About the author:
At some point, Vivien, 28 years old and Austrian, wanted to study art, to enrol in a fashion course and to become a Czech interpreter. But her love for criminology proved to be her strongest passion, so she joined the police and now works as operative criminal analyst. She loves literature and wordplay, writes unfinished stories taken from daily life and sometimes struggles to keep it short, as Masha knows from many a thorough outfit analysis.
Vivien dreams of Ann Demeulemeester and Barbara I Gongini. If she always had it her way, she’d wrap herself in black and grey every day. She also invests in Lena Hoschek and walks to work with a happy smile. She wears what she likes, and she feels her fashion represents her: a little over the top, a little brave sometimes, a bit unconventional and always full of cheerful ideas. Maybe she’ll start her own blog one day after all, about fashion, murderers and the fashion of crime-hunters?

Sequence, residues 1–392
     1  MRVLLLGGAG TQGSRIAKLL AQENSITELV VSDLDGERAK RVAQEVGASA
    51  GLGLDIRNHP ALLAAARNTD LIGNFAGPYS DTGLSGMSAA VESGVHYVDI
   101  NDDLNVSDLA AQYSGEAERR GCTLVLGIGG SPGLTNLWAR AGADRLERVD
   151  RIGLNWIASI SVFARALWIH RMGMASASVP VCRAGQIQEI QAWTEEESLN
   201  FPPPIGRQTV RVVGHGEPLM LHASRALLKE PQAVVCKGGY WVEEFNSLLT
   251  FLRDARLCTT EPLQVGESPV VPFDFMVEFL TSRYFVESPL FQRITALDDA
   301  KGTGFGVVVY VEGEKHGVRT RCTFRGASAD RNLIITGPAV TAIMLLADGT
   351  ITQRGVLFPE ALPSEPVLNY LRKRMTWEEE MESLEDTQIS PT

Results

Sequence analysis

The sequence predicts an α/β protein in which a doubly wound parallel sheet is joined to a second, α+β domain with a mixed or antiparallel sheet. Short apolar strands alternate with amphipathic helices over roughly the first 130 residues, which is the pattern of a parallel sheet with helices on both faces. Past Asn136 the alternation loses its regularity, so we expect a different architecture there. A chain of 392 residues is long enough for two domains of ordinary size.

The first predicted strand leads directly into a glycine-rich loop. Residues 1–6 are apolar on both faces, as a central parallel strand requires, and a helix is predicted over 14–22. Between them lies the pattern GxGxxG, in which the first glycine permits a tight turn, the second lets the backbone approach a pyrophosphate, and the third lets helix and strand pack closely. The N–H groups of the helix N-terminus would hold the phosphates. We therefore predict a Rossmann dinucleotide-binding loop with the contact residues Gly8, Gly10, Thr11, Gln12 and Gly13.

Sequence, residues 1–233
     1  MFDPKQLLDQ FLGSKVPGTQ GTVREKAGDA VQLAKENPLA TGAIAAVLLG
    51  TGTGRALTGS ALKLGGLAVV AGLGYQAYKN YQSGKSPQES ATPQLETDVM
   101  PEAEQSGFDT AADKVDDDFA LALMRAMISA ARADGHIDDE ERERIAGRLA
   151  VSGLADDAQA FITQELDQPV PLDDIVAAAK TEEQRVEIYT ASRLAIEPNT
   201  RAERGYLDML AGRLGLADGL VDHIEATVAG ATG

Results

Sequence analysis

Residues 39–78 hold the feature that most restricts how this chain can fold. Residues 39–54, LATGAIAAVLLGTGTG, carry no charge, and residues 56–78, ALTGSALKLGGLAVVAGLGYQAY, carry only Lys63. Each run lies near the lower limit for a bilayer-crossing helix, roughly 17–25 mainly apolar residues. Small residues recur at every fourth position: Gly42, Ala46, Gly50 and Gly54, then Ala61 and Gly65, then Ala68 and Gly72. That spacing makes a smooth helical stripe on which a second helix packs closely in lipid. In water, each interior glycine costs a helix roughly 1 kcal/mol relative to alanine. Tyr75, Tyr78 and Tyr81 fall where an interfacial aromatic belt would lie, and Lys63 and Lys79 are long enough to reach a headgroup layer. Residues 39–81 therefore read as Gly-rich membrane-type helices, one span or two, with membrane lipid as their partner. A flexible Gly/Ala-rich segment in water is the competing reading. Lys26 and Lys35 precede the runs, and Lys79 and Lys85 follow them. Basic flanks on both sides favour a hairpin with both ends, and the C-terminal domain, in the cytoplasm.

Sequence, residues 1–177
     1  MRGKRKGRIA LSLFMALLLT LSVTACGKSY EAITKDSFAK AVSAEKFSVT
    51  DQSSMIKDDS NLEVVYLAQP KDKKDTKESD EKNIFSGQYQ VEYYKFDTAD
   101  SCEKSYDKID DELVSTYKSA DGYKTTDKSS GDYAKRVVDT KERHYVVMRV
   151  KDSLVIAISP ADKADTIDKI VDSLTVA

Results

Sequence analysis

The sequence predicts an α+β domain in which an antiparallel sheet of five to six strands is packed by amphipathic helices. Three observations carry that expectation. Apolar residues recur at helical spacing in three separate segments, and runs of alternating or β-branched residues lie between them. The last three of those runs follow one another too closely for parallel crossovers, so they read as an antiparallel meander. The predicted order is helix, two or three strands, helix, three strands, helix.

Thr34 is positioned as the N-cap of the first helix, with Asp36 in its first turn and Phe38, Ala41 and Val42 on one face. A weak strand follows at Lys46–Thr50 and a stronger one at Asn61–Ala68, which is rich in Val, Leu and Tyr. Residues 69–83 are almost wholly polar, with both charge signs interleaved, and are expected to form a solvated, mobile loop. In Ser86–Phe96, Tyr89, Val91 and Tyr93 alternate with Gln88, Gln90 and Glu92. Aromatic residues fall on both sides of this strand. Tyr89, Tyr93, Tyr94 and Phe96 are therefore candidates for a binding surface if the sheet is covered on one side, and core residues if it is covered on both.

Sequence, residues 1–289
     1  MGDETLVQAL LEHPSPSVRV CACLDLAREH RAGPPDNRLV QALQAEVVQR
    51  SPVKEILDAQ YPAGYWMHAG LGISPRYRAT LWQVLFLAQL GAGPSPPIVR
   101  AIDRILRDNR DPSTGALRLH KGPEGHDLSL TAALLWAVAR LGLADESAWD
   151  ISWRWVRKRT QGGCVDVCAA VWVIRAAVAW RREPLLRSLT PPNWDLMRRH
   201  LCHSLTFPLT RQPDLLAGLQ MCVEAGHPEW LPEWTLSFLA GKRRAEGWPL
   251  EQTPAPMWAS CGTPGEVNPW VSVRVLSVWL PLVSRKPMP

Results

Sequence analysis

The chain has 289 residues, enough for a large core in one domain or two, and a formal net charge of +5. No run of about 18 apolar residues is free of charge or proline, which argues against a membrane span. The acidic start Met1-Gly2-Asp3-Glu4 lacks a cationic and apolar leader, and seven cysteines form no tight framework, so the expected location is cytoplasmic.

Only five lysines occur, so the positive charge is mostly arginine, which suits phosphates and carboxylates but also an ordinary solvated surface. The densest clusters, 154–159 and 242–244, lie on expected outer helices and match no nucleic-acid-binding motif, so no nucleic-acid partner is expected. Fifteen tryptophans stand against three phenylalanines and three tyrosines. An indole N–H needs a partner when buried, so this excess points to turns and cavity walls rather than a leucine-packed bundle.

Über die Fotografin:
Fee-Gloria Groenemeyer ist gebürtig aus Wiesbaden und ist zum Modeln (ja, sie sieht auch noch gut aus!) nach NYC gezogen, wo sie ihre Leidenschaft für die Fotografie und Mode entdeckt hat. Nach NYC ist sie nach Paris gezogen, wo sie Mode Management studiert hat und sich parallel auf die Fotografie fokussierte. Mittlerweile ist sie hauptberufliche Fotografin, fotografiert am liebsten stimmungsvolle Portraits und pendelt zwischen Berlin, New York und Paris. Der kreative Kopf liebt das Reisen und Erkunden und baut zur Zeit ein Netzwerk aus Stylisten, Visagisten und Künstlern, mit denen sie gemeinsam coole neue Projekte umsetzt. Sie hat eine wirklich beeindruckende Biographie und das mit (Achtung!) grade mal 22 Jahren! Sie ist also so ziemlich das, was man ein Wunderkind nennen würde und ich bin mir sicher, dass wir noch einiges von ihr hören werden! Hier geht’s lang zu ihrem Instagram.